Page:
Licking cancer: US postal stamp helps fund key breast study

AP

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The National Cancer Institute gave $36 million for the study, and $4.5 million of it came from the stamp.

Proceeds from the U.S. Postal Service's breast cancer stamp put researchers over the top when they were trying to get enough money to do the landmark study. (Photo: Pixabay)

Chicago: Countless breast cancer patients in the future will be spared millions of dollars of chemotherapy thanks in part to something that millions of Americans did that cost them just pennies: bought a postage stamp.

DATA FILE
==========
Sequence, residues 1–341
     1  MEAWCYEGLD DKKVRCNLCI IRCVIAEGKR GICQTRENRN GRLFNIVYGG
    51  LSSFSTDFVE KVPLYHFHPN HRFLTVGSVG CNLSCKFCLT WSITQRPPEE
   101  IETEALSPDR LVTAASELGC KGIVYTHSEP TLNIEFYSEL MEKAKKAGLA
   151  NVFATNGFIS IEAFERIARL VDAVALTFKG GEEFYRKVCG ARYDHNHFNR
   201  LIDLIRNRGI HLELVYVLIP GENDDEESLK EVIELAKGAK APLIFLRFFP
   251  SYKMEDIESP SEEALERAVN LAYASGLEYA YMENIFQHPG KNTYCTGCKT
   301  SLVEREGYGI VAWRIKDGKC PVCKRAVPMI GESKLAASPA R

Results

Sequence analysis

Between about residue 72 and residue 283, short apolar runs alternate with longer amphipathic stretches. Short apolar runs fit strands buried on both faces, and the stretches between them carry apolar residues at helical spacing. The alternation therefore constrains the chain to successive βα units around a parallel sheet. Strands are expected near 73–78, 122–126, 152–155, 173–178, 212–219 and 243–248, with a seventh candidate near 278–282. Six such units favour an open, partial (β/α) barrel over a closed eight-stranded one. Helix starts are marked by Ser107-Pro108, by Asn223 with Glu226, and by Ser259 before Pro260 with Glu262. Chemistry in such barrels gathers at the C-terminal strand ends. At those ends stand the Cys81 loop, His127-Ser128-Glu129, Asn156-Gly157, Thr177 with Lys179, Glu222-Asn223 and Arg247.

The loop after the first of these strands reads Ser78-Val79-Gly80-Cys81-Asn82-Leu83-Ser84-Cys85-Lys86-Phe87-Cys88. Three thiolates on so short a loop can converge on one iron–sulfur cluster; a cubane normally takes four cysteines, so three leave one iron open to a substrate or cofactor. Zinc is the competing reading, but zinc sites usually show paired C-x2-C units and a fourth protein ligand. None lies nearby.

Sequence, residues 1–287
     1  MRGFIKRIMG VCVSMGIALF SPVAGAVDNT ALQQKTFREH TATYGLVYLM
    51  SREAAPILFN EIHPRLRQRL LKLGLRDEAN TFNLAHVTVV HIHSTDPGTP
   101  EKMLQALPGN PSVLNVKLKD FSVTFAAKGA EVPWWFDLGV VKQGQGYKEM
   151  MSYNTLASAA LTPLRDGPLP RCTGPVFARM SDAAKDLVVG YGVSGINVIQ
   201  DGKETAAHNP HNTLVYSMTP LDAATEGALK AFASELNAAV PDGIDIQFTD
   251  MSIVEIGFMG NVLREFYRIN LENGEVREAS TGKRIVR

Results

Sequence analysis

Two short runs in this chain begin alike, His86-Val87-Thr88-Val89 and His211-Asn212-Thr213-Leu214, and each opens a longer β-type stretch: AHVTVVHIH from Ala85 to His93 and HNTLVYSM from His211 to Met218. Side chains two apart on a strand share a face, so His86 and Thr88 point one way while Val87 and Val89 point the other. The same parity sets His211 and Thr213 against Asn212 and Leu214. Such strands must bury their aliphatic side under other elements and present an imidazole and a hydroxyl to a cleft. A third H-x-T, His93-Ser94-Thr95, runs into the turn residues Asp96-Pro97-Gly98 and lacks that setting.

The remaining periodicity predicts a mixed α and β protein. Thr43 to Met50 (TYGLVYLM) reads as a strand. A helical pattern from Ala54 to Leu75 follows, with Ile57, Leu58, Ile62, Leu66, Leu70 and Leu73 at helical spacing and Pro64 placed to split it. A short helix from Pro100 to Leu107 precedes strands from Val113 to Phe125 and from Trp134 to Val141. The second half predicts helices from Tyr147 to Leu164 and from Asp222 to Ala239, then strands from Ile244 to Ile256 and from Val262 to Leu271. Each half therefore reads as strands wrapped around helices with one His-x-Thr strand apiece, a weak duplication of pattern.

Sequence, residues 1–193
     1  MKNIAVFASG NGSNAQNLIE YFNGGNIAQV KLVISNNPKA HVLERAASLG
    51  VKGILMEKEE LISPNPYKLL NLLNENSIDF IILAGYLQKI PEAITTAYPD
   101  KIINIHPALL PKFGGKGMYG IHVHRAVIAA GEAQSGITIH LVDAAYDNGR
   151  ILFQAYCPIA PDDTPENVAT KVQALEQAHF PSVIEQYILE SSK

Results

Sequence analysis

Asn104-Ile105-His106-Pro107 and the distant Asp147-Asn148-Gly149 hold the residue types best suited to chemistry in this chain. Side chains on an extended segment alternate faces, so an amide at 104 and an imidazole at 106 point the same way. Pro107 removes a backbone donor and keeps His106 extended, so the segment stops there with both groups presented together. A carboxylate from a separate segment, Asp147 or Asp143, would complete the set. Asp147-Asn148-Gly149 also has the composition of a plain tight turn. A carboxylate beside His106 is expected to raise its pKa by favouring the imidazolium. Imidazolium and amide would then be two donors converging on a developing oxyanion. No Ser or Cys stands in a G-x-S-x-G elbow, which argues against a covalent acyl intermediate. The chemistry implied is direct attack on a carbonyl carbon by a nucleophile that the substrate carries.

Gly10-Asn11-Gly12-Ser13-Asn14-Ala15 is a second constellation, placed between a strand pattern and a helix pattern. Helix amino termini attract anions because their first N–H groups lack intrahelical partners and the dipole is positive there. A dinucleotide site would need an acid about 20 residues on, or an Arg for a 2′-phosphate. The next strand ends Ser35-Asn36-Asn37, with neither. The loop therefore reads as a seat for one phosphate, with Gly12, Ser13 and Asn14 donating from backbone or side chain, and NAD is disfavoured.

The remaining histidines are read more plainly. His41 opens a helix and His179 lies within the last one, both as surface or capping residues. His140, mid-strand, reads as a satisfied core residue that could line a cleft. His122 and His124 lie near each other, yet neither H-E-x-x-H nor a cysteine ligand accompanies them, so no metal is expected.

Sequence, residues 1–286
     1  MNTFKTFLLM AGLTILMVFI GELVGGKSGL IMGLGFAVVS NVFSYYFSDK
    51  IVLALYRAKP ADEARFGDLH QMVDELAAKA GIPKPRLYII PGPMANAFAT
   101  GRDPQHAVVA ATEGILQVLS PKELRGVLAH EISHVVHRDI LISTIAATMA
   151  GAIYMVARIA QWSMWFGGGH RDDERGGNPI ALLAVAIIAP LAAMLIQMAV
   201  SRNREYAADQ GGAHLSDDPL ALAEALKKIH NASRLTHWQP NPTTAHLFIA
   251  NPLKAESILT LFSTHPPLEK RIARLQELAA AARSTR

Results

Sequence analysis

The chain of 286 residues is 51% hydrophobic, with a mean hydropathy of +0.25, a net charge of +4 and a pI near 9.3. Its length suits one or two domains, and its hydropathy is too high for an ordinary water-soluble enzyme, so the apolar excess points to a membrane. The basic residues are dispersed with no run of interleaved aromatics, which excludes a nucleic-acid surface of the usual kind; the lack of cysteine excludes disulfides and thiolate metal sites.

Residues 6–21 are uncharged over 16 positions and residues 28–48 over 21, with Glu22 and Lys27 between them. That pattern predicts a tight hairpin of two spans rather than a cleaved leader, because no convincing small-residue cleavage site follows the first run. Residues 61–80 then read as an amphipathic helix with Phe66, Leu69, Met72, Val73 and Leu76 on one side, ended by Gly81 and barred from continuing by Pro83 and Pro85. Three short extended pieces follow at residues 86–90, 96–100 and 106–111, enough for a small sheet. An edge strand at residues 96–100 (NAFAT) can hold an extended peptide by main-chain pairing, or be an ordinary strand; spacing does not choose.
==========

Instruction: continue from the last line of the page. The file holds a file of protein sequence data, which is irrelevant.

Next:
Proceeds from the U.S. Postal Service's breast cancer stamp put researchers over the top when they were trying to get enough money to do the landmark study published on Sunday that showed genetic testing can reveal which women with early-stage breast cancer need chemo and which do not.

The National Cancer Institute gave $36 million for the study, and $4.5 million of it came from the stamp, which has raised $86 million since it was first issued in 1998.

It was the nation's first "charity stamp," sold at a surcharge to support a cause.

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